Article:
Strategic Intervention Areas

Actions

1. Provide better seeds and improve the supply chain

  • Strengthen seed potato supply system, (timeliness, quality, and sustainability);
  • Promote cooperation between research institutes and (potential) seed potato producers /multipliers
  • Analyse possibilities for seed potato certification
  • Facilitate introduction / implementation of seed potato certification
  • Quality seed potato supply through organizing seed grower groups, especially through creating linkages with seed potato growers in the highland areas of Western Amhara Region such as Gayint and Sekela Woredas.
  • Strengthening of potato Tissue Culture (TC) laboratory at ARARI i.e. providing necessary laboratory equipment and materials, creating linkages between TC lab and ASE, engage farmers as out growers, projection of certified potato seed, and develop market strategy for Amharic Seed Enterprise (ASE);
  • Facilitate the development of location based potato quality control mechanisms with emphasis on seed potato quality;
  • Promote quality and standard based pricing of seed and ware potato.

2. Strengthen farmers and extension services with regard to potato agronomy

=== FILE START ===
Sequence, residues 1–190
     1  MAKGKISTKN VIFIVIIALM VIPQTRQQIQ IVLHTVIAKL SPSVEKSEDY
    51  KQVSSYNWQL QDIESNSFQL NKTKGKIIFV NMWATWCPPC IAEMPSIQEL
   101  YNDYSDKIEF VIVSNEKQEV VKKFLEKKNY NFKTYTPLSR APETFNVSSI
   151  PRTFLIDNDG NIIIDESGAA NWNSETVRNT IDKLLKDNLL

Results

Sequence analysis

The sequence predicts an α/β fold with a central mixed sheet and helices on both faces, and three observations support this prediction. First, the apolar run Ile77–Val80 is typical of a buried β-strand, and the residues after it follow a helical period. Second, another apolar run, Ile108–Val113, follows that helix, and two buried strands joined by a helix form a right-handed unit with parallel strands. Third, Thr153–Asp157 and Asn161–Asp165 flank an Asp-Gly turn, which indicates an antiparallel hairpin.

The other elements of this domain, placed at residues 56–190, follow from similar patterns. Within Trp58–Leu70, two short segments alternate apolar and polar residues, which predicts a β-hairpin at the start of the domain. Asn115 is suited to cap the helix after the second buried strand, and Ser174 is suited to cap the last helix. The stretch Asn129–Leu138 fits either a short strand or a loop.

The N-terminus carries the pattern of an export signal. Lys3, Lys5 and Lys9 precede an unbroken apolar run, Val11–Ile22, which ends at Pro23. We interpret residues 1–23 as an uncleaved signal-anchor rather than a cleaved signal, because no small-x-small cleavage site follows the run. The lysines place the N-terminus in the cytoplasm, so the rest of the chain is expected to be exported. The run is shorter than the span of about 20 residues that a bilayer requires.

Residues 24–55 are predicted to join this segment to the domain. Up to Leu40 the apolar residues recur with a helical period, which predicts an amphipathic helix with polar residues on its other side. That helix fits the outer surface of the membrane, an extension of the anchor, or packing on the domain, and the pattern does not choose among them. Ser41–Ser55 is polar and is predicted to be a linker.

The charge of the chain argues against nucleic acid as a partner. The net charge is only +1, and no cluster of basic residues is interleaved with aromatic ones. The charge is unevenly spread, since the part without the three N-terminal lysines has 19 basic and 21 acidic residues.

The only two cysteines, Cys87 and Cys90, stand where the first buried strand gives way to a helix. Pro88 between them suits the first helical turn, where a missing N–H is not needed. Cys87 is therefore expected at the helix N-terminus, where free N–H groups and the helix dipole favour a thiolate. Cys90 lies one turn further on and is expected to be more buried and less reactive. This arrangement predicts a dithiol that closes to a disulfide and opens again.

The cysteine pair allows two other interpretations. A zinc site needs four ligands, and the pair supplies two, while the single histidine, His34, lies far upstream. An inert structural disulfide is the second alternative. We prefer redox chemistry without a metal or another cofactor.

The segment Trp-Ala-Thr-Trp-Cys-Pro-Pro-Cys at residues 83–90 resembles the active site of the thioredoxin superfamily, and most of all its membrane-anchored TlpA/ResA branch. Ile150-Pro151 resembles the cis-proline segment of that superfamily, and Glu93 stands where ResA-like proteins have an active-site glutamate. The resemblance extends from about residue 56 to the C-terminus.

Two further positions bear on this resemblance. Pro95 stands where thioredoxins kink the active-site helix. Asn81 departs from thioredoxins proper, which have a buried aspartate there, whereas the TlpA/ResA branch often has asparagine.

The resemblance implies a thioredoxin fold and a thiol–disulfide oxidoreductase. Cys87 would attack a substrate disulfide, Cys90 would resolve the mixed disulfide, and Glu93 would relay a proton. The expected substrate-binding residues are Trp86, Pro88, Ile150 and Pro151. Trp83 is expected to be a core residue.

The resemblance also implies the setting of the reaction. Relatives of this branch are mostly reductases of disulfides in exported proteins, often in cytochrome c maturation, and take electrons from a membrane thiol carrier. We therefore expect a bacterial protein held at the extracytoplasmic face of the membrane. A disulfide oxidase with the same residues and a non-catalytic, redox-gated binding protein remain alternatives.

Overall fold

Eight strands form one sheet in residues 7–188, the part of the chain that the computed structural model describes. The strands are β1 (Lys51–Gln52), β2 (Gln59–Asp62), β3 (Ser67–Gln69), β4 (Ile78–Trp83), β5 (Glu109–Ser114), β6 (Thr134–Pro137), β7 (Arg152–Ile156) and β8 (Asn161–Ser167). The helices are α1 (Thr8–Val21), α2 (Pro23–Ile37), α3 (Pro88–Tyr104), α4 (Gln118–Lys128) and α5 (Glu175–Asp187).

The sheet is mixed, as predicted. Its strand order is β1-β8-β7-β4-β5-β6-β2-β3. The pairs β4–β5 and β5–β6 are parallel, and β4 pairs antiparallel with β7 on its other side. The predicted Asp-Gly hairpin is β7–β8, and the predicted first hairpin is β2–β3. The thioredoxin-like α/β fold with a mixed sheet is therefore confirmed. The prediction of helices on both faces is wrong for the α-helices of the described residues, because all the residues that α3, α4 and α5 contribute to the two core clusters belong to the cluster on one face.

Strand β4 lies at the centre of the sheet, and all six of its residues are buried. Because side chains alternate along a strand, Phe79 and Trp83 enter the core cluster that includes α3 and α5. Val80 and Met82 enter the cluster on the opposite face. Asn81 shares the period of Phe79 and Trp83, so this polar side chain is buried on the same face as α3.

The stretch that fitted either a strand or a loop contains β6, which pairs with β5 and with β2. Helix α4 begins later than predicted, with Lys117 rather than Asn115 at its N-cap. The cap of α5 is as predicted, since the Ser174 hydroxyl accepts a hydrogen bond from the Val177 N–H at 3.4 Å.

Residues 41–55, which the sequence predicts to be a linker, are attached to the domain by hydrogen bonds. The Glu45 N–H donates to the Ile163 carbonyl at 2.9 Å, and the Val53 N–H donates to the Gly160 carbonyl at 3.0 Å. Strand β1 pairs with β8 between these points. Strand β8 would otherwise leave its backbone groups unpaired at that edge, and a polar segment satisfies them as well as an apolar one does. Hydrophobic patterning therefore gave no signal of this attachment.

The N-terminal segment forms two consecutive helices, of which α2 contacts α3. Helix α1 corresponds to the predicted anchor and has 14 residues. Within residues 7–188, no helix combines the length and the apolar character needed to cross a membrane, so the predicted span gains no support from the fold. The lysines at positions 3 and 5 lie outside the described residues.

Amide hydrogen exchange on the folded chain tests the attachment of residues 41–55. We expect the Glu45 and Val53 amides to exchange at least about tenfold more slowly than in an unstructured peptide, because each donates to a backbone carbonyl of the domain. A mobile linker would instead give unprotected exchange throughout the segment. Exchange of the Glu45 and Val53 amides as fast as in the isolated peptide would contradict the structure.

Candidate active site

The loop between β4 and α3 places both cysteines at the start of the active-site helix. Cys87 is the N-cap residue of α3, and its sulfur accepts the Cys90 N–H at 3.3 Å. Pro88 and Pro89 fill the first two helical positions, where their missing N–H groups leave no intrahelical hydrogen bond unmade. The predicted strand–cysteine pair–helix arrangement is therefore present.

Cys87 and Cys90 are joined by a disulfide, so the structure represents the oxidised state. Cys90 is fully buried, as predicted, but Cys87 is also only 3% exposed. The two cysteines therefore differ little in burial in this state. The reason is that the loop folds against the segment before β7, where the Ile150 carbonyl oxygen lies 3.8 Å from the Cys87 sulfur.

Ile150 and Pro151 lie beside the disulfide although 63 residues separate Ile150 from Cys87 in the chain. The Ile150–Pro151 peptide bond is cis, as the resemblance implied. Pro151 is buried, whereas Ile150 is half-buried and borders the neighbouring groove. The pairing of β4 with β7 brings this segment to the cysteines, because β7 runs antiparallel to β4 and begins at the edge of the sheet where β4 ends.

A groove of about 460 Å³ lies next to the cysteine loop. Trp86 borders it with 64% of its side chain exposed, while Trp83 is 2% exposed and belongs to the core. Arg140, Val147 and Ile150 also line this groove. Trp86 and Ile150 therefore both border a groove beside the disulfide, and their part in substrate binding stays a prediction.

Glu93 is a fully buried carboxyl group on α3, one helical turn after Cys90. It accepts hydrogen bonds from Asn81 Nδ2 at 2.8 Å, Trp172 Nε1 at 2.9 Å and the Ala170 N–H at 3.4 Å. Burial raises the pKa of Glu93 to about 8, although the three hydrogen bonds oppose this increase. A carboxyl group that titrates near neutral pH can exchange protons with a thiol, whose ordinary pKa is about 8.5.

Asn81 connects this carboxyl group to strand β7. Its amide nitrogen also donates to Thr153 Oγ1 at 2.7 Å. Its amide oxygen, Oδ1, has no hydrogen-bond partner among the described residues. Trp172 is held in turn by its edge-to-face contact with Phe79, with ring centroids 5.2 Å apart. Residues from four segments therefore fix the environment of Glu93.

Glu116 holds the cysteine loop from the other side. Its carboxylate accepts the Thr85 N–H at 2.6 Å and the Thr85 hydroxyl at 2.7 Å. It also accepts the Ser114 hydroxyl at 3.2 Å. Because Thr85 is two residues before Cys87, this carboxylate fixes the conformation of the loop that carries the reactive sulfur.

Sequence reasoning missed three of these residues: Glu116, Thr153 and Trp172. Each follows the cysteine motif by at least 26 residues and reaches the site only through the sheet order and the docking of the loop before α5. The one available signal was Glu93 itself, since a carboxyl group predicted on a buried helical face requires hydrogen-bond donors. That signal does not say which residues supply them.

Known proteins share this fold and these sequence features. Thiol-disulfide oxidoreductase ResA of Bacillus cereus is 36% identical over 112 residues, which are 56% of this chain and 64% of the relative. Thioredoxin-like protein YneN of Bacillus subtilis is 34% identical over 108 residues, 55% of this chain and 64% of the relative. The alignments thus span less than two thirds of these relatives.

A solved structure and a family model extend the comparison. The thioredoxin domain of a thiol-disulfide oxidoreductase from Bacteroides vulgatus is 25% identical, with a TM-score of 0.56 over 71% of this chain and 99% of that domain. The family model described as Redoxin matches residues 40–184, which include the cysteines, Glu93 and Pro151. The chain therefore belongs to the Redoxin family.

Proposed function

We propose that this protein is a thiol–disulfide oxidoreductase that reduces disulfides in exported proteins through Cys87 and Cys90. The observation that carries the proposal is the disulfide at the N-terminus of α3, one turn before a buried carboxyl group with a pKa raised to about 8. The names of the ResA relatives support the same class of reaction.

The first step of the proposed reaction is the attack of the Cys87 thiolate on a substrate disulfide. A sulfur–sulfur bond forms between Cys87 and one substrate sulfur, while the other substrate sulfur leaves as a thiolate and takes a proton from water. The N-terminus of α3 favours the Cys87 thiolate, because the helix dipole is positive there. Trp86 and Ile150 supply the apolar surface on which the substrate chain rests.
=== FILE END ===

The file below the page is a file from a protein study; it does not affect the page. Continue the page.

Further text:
• Strengthening knowledge and skill on potato extension package;
  • Potato extension package manual, and guidelines;
  • Provide skill trainings on potato agronomic practices to woreda SMS, DAs, and farmers;
  • Organize demonstration plots;
  • Promote intercropping
  • Promote use of crop residues as livestock feed and manure (instead as fuel)
  • Promotion of integrated, locally tailored solutions;
  • Promotion of required enablers (for example, robust, simple soil diagnostic tools);
  • Establihsment of adequate linkage between research institutes on the one hand and farmers, DAs etc. on the other hand in order to promote adaptation and adoption of farming practices by smallholder farmers ;
  • Strengthen FTCs through supplying minimum / basic equipment and furniture;
  • Organize field days, and experience exchange, etc.
  • Establish knowledge centre at woreda level, avail reference materials that can serve DAs and woreda SMS;
  • Strengthen home economics (kebele and farm household levels);
  • Facilitate access to credit for input procurement and distribution, working capital, etc.;
  • Encourage an improved responsiveness of fertilizer and chemical input suppliers;
  • Awareness creation on economic importance of potato as high value crop.

3. Strengthen management and accounting at the cooperatives

  • Provision of skill trainings;
  • Strengthen farmers organization and management:
  • Technical and material support to primary and Koga irrigation union coops, (training on coop management, storage management, accounting, marketing, etc.).

4. Improve post-harvest treatment and access to markets, encourage construction of stores and processing facilities.